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Leisure: In good spirits, now & always

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Even as the pandemic ebbs and flows and the heat continues to scorch, here’s how you can spend some quality time with your liquor bottles.

The world of beverages is a lovely euphemistic term for my liquor cabinet, which again applies to my daily drink. Even as the pandemic ebbs and flows and the heat continues to scorch and rise in defiance of all norms and ethics, I have ensured that I spend some quality time with my bottles, which is a lovely euphemistic term for… you get it.

Since we are around Mother’s Day, I thought I would talk about a few drinks that I think are as easy as mother’s milk. Before someone propounds that I am suggesting never being weaned off, what I am saying is this—here are a few things that give me an euphoric high that I (and you) must have felt as a baby while being fed. I can only imagine the tastes and sensations, so please allow me some room for subjectivity, I mean I was only a baby.

I have always enjoyed the eau-de-vie from the tallest stills in Scotland and Dr Lumsden’s blending philosophy—bright with hints of spice and pleasant dryness —almost reflects his own sense of humour. This new one then—Glenmorangie X—isn’t the stuff you pour into a snifter and sit back. Instead you stand up and walk up to behind the bar, measure it out into a jigger and get busy mixing creatively. And it does work better than a regular single malt.

The 10-year-old from the sea house, for example, while still being fruity, has a touch of smoke and toast to it which stands out in certain drinks. One gets used to it but here, with X, the fruit-forward style makes for a rich and fertile base to reflect flavours. Best bit, it’s priced so well that you can now be boasting single malt smoothness and yet enjoy a very balanced drink without having to compensate for the oak (or a steep price tag!)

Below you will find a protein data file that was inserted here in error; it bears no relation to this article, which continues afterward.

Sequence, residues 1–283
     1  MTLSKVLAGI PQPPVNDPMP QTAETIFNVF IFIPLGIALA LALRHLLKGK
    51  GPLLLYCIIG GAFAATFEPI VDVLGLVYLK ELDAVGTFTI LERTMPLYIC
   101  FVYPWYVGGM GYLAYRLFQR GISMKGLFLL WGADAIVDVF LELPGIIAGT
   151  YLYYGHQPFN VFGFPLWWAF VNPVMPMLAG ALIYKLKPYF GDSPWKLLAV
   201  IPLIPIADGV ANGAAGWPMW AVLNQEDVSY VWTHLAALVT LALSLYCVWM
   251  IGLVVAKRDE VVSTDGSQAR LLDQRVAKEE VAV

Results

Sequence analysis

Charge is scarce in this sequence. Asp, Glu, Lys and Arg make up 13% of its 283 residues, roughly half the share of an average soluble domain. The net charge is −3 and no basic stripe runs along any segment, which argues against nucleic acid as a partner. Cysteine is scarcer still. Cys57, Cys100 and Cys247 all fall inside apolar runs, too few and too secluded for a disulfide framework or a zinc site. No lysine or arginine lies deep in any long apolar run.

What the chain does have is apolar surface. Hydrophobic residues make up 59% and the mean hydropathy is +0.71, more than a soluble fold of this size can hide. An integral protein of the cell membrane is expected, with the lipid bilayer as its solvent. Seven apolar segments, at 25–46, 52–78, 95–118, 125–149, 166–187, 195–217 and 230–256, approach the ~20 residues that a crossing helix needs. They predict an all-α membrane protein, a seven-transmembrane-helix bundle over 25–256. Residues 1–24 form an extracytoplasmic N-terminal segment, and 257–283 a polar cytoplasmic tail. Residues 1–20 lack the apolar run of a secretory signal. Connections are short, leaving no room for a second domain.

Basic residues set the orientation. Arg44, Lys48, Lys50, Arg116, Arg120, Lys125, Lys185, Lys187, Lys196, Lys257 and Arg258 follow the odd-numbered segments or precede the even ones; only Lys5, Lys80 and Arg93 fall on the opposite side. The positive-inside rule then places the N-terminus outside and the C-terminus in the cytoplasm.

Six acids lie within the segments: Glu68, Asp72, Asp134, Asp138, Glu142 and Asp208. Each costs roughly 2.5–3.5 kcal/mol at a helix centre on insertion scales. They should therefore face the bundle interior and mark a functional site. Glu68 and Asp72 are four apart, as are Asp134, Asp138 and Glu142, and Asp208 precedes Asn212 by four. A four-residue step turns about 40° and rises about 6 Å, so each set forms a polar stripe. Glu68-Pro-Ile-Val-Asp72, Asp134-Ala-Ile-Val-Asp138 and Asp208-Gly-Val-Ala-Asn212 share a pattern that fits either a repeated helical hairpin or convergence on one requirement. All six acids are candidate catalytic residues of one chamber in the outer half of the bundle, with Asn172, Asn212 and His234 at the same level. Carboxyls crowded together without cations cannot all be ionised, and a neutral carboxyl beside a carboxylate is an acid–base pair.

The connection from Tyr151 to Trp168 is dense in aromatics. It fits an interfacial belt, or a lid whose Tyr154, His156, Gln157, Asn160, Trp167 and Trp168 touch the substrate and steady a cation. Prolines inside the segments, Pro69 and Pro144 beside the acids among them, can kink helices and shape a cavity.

Tesouro, a small bar tucked away in South Goa, was recently adjudged the 4th best bar in Asia, and while I think the organisers have gotten the list horribly wrong earlier, this year the placements felt more just and sincere. The bar team is fabulous and the drinks they concoct absolutely divine. Among them, Midnight Brekkie stands out for its cognisance of flavours (peanut butter, strawberry, water melon) and high drinkability quotient. In other words, you will definitely order more than one. On my maiden visit, my friend and I ordered the entire menu and this was the only drink we repeated, even though that may also have something to do with the fact that we were nearly 50 shared drinks down!

Diageo has launched two new single malt whiskies and I got a chance to try one of them—Godawan Single Malt. It was extremely fruity and rich, mellow like honey almost, with just that touch of Sherry spice in the end. Quite lovely on the whole and shows pedigree. While I do feel it’s priced mostly right, it might seem a bit high to encourage trials for the first-timers, especially the Scotch snobs. But coming from the very single malt-strong Diageo stables should help. Both the versions nevertheless add to the ongoing Indian single malt saga; two gems that will only mark India’s legitimacy as not only a whisky-drinking but a single malt -producing nation.

As an anomaly, I am mentioning Estuary Water because I am still on the fence about whether it is hype or the real deal. I mean, sure, water can taste different but to declare that this is the best for blending with whiskies is going a bit too sure shot which, to me, is a sign of hubris. I love the packaging (extremely premium and slick) and would love to serve it to all my guests all the time—often the story is more important than the taste—but in my trials with various other mineral waters in a similar range, I was hard-pressed to identify this either as a standout sample or as indubitably the best among the lot. Let me know your verdict.

The writer is a sommelier.

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